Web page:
Devices incorporating switchable resistive materials are generically classified as resistor-type memory, or resistive random access memory (RRAM). Unlike transistor and capacitor memory devices, resistor-type memory does not require a specific cell structure (e.g. FET) or to be integrated with the CMOS (complementary metal-oxide-semiconductor) technology. Resistor-type memory devices store data in an entirely different form, for instance, based on different electrical conductivity states (ON and OFF states). Electrical bistability usually arises from changes in the intrinsic properties of materials, such as charge transfer, phase change, conformation change and reduction–oxidation (redox) reaction, in response to an applied voltage or electric field.22
188.8.131.52 Device Structure
Resistor-type electronic memory usually has a simple structure with an organic/polymer thin film sandwiched between two electrodes on a supporting substrate (glass, silicon wafer, plastic or metal foil). The configuration of the top and bottom electrodes can be either symmetric or asymmetric, with aluminum, gold, copper, p- or n-doped silicon, and ITO being the most widely used electrode materials. Test structures usually consist of a spin-coated polymer thin film on the bottom electrode, for instance, ITO, with the top electrodes deposited through a shadow mask via thermal evaporation in a vacuum chamber. The area covered by the top electrode forms the active device area. The basic configuration of a test memory device is shown in Figure 1.6a. The individual memory cells can be integrated into a cross-bar (two dimensional or 2D) memory array (Figure 1.6b), and further stacked into three-dimensional (3D) data storage devices (Figure 1.6c). Each cell in the 2D memory array or 3D stacked device can be identified by its unique Cartesian coordinates. Due to the two terminal simple structure and the nanoscale active organic/polymer thin film, high data storage density can be realized in organic/polymer memory.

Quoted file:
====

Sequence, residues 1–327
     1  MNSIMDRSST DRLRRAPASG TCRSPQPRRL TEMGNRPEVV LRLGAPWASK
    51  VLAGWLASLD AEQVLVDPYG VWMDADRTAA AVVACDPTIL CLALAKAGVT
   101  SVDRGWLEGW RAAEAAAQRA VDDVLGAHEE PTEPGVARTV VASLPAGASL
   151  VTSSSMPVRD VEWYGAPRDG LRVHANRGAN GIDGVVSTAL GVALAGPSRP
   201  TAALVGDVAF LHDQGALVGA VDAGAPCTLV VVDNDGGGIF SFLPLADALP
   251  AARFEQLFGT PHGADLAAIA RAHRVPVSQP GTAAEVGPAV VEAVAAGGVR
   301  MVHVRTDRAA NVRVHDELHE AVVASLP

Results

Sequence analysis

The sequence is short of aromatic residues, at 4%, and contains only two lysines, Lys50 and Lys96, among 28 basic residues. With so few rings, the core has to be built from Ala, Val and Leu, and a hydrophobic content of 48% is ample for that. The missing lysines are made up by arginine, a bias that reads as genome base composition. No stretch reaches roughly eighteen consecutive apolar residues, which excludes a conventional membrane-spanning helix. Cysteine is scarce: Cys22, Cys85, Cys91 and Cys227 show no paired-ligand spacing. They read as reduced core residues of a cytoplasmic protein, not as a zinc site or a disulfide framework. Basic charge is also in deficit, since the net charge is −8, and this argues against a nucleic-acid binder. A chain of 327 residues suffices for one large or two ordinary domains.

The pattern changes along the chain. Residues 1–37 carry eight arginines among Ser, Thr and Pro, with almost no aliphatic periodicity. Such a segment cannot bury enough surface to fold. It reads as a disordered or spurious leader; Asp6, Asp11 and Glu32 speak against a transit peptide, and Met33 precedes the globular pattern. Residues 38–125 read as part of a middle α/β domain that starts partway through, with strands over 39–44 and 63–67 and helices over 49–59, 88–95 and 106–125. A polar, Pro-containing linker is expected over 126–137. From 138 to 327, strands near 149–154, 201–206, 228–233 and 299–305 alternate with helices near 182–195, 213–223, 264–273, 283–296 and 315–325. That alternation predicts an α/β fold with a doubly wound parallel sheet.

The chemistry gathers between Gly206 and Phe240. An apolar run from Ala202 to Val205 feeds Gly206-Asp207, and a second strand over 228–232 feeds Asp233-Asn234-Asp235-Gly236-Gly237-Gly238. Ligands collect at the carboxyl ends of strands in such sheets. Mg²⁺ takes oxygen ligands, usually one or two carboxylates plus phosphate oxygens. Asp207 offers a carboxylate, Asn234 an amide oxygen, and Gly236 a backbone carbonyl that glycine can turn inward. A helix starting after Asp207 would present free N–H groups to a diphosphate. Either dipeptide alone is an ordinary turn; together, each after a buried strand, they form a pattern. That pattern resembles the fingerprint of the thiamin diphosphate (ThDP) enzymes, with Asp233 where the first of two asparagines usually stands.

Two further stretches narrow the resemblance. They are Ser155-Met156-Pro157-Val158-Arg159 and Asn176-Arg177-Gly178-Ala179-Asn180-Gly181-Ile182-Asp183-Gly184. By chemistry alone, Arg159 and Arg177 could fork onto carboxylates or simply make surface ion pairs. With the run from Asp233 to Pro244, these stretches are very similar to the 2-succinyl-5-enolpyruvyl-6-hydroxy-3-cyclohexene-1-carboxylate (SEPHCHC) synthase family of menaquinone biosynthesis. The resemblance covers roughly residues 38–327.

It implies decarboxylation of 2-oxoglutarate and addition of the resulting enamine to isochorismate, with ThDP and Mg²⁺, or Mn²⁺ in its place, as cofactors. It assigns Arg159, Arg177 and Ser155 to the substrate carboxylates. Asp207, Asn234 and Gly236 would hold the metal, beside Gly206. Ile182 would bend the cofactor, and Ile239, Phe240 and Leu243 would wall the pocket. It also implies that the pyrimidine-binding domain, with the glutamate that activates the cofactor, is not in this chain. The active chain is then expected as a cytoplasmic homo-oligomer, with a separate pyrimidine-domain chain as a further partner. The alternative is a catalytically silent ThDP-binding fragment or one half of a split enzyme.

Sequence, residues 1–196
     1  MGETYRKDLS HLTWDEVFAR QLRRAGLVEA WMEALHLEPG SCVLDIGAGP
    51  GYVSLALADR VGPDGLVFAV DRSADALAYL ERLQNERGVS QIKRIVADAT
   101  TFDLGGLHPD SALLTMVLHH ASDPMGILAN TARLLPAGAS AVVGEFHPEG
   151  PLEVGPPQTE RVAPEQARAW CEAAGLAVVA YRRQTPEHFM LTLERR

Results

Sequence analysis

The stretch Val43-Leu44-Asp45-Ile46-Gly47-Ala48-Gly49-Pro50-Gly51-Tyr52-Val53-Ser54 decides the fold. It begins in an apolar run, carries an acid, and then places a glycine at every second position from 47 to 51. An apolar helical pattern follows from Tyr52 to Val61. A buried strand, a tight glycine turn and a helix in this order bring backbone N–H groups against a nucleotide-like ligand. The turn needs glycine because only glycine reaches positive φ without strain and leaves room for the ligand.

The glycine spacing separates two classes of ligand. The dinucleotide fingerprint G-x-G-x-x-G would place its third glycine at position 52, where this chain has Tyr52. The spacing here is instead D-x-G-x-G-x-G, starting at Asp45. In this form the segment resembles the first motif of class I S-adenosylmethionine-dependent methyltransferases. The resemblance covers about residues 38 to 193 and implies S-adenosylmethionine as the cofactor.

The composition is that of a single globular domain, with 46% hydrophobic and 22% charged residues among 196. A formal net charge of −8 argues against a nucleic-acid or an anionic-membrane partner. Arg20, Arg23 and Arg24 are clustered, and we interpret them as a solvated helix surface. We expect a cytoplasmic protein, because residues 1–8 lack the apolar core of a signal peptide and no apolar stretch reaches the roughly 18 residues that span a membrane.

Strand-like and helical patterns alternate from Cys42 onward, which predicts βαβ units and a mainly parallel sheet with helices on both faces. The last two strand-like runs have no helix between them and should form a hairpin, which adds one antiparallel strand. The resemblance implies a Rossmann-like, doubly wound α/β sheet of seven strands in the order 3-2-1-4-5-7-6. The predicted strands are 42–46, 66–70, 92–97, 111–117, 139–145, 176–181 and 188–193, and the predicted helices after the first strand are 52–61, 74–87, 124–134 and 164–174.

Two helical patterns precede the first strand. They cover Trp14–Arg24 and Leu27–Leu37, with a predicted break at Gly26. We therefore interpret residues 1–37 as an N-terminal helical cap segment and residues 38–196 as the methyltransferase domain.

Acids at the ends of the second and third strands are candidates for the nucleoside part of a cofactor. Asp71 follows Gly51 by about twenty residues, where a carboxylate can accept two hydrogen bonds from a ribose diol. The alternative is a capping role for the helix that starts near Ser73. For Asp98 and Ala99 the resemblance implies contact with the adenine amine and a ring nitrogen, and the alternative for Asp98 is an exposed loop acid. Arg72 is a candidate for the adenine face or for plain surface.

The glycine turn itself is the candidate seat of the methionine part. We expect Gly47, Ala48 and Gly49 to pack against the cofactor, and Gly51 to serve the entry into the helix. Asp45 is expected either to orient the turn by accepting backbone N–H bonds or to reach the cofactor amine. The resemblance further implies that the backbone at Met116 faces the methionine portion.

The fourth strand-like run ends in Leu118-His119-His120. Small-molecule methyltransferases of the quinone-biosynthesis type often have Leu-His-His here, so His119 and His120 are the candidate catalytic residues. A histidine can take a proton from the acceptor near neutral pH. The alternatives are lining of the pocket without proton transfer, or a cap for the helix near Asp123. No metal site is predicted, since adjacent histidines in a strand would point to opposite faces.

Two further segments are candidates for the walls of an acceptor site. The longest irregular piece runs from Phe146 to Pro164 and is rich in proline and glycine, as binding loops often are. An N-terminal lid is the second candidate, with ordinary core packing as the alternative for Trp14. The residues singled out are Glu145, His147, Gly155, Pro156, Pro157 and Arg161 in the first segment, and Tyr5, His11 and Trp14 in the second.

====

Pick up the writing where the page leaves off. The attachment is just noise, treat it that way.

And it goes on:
184.108.40.206 Operation Mechanism
Resistor-type memory is based on the change of the electrical conductivity of materials in response to an applied voltage (electric field). Various mechanisms have been proposed to explain electrical conductance switching in organic/polymer memory devices. Among them, the most widely reported mechanisms include filament conduction, space charges and traps, charge transfer effects, and conformational changes.
220.127.116.11.1 Filament Conduction
Filament conduction is used to describe the high conductivity (ON) state where the current is highly localized in a small fraction of the device area. It is believed that filament conduction is normally associated with physical damage to the device, and thus results in artifact memory effects which are difficult to control and reproduce. Two types of filament conduction, carbon-rich filament and metallic filament conduction, are widely reported in polymer memory.102 The former is caused by local degradation of polymer films and will increase the mobility of charge carriers only.30 The latter results from local fusing, migrating or sputtering of electrode metal through the films, leading to an increase in both the charge carrier mobility and concentration.103
18.104.22.168.2 Space Charges and Traps